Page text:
Orchestral conducting technique: subsequent attacks

What do we usually mean with the term attacks?

The attack is a signal that indicates the start of any action. We could, for example, consider the gunshot that characterises the start of a race as an attack: all competitors acknowledge an impulse that they must start at the same time; even the green at the bottom of a traffic light is the starting signal for an action.

In our case, in the same way, the attack is a gesture that has to show to the whole orchestra the precise moment at which they must begin to execute the piece, and to ensure that it achieves a perfect synchronisation of the whole orchestra, to be implemented unequivocally by all players, in the same way.

We can identify two kinds of attacks: the initial ones and the subsequent ones.

For a subsequent attack, I refer to all those gestures – or impulses – which follow the initial attack; after all, if we reflect for a moment, the entire sequence of movements of a piece can ultimately be viewed as a continuous unbroken chain of attacks.

And in all of them, we can identify the three phases that characterise the realisation of the attack which will be discussed in one of my future articles (rise-fall-contact with the sound).

What is the difference then, between the initial attack and subsequent attack?

The initial attack undoubtedly has a fundamentally important role, because it indicates with exact precision the moment of initial execution. Also, as we will analyse in detail in a few days, it must contain and transmit information about the time, rhythm, dynamics, agogics, and everything else, in a split second before execution.

The subsequent attacks, as we said earlier however, coincide with the musical movements of the bar and with the overall gestures, and cover an equally important, if not superior function, because they are the main elements to guide the evolution and development of the musical conversation, making clear not only the temporal relation, but also expressing between the beats of the bar, and consequently, the construction of the phrases and of the passage.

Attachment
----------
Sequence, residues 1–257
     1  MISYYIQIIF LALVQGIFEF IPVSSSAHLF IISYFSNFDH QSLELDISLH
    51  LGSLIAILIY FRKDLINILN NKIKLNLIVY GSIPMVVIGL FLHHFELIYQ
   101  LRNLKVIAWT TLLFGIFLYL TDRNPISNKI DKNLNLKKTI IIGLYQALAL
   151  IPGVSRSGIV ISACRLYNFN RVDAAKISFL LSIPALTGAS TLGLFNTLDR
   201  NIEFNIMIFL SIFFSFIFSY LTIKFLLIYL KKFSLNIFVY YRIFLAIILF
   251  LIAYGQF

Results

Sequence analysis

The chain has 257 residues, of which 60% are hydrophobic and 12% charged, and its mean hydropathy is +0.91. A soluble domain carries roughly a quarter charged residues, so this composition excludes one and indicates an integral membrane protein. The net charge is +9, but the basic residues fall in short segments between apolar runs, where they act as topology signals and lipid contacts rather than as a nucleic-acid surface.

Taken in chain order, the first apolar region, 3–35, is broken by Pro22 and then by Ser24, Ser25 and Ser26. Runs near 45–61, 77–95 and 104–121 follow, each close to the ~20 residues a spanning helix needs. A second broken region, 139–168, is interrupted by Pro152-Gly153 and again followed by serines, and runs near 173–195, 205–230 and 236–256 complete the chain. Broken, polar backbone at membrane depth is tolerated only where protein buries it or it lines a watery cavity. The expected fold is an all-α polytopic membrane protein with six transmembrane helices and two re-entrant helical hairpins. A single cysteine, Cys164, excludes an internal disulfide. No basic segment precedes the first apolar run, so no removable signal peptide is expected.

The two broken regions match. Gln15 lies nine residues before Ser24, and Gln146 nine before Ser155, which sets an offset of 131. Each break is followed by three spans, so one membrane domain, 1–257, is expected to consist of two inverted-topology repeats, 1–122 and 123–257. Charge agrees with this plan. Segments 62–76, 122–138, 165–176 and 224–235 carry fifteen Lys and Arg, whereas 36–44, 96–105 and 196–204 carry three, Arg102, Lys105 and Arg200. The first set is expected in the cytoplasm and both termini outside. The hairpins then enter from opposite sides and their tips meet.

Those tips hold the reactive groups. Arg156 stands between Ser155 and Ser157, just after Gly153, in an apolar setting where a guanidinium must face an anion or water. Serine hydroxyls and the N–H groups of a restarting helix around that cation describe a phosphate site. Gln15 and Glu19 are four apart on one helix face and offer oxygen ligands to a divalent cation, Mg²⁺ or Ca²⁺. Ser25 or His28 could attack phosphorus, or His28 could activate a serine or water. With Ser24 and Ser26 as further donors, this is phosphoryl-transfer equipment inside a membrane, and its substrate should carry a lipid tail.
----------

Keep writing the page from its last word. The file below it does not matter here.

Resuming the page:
Let us now examine with a magnifying glass, a special type of subsequent attack that’s encountered quite frequently.

Typically, we find that soon after an attack – initial or subsequent – before a figure followed by a dotted note or a rest, often this figuration creates general problems, especially if the tempo is quick. Generally, it works out fine with a further breath on the rest – or – dotted note – so we have two breaths at close range; the first initial attack and immediately after that, on the rest.

But beware the length of the breath on the subsequent attack is no longer the one that reflects the initial time, but that of the corresponding figure – the eighth note – in the particular case of the following example:

The lack of this second small breath at close range, could create problems overall, as you can see in this famous video. But pay particular attention at minute 1.26, because there the conductor (Yevgeny Mravinsky), whilst talking explains to the musicians the information that his gesture does not contain, and since it does not get the desired result, he repeats at 1.53.

The same applies where instead of a rest, we have a dotted note, the solution is the same: a further breath on dotted note.

In this other famous passage, on the rests, we need to give the subsequent attacks in a rather marked way.

Next Workshop in  Palermo (Sicily) 17-21 July 2017!  Intensive week with piano duo  in Villa del Pigno – Istituto dei ciechi Florio e Salamone.

By Ennio Nicotra 22/05/2016

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